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Senate's 'Gang of 14' fractures over Alito
(AP)
Updated: 2005-11-03 09:13

The 14 centrists who averted a Senate breakdown over judicial nominees last spring are showing signs of splintering on President Bush's latest nominee for the Supreme Court.

That is weakening the hand of Democrats opposed to conservative judge Samuel Alito and enhancing his prospects for confirmation.

U.S. Supreme Court nominee Samuel Alito walks in to meet Sen. Patrick Leahy (D-VT) on Capitol Hill in Washington November 2, 2005. With interest groups across the spectrum gearing for a battle over conservative Supreme Court nominee Samuel Alito, the fate of the nominee may well rest in the hands of the Senate's bipartisan 'Gang of 14.' REUTERS/Yuri Gripas
U.S. Supreme Court nominee Samuel Alito walks in to meet Sen. Patrick Leahy (D-VT) on Capitol Hill in Washington November 2, 2005. With interest groups across the spectrum gearing for a battle over conservative Supreme Court nominee Samuel Alito, the fate of the nominee may well rest in the hands of the Senate's bipartisan 'Gang of 14.' [Reuters]
The unity of the seven Democrats and the seven Republicans in the "Gang of 14" was all that halted a major filibuster fight between GOP leader Bill Frist and Democratic leader Harry Reid earlier this year over Bush's lower court nominees.

The early defection of two of the group's Republicans, Mike DeWine of Ohio and Lindsey Graham of South Carolina, could hurt if Democrats decide to attempt a filibuster of Alito, the New Jersey jurist Bush nominated Monday to replace retiring Sandra Day O'Connor.

If Democrats do filibuster, Frist wants to change the Senate rules to eliminate the delaying tactic ! something the centrist group blocked in May.

But a filibuster "based on a judicial philosophy difference, or an ideologically driven difference," Graham said Wednesday at a news conference. "I don't believe that, with all sincerity, I could let that happen."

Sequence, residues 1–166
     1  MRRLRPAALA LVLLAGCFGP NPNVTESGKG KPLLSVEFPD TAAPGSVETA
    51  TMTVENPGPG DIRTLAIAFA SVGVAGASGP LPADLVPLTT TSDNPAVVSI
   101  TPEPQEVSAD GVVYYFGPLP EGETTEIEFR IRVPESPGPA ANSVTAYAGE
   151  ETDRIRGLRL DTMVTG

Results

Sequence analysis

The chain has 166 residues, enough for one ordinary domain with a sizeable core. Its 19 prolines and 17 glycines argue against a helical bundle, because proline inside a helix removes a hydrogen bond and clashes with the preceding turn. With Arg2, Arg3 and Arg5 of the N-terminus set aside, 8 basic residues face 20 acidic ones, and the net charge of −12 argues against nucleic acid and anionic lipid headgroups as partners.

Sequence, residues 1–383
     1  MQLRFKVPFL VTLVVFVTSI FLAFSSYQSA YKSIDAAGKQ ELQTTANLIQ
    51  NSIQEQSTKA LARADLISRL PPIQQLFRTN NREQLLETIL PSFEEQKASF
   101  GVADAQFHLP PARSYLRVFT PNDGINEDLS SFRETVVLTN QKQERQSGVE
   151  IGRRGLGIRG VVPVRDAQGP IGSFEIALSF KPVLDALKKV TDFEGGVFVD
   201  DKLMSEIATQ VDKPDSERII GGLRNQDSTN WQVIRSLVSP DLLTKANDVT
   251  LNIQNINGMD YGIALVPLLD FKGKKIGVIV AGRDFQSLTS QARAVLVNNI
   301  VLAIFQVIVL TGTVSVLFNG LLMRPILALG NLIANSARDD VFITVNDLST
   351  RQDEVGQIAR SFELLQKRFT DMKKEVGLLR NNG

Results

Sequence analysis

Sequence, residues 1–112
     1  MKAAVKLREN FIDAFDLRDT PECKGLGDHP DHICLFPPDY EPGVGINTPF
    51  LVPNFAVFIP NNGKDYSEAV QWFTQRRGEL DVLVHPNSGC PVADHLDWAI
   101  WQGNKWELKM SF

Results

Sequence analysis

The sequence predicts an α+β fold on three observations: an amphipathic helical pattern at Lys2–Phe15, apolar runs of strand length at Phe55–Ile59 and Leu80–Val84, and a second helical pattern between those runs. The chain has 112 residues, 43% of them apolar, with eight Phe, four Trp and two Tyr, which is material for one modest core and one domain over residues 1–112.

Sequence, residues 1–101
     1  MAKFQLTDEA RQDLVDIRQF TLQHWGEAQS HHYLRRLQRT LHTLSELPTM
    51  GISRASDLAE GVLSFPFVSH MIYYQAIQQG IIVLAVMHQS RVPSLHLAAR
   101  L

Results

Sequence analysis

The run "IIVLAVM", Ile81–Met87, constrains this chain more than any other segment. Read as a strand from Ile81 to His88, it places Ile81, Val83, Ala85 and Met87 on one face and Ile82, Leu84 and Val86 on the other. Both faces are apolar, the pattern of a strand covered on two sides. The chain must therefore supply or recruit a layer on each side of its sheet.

DeWine also made clear Tuesday after meeting with the judge that he would vote to ban a Democratic filibuster. "It's hard for me to envision that anyone would think about filibustering this nominee," he said.

Graham said he would use the group's next meeting on Thursday to "inform them of my view."

The centrist Democrats plan to urge their GOP colleagues to withhold judgment, since Alito's nomination is not even officially at the Senate yet. The defection of even two members of the group ! which decided earlier in the year to support filibusters only in "extraordinary circumstances" ! would virtually ensure that Frist, R-Tenn., would win a showdown.

"The truth of the matter is that it's way too early to talk about extraordinary circumstances," said Sen. Ben Nelson (news, bio, voting record), D-Neb., a founding member of the group. "I'm not hearing any of my colleagues talk about it, and I'd rather not hear any of my colleagues on the other side talk about it as well."

The loss of Graham and DeWine makes the "Gang of 14" less influential.

Republicans hold 55 seats in the Senate, and while confirmation requires a simple majority, it takes 60 votes to break a filibuster.

However, Frist needs only a simple majority ! 51 votes ! to eliminate the stalling tactic.

That means he needs two members of the centrist group to join the rest of the GOP to meet his goal. With a 50-vote tie in the Senate, Vice President Dick Cheney would cast the tie-breaking vote for the Republicans and Alito could be confirmed with majority support.

Bush announced Alito's nomination after the nomination of White House counsel Harriet Miers collapsed, undermined by conservatives.
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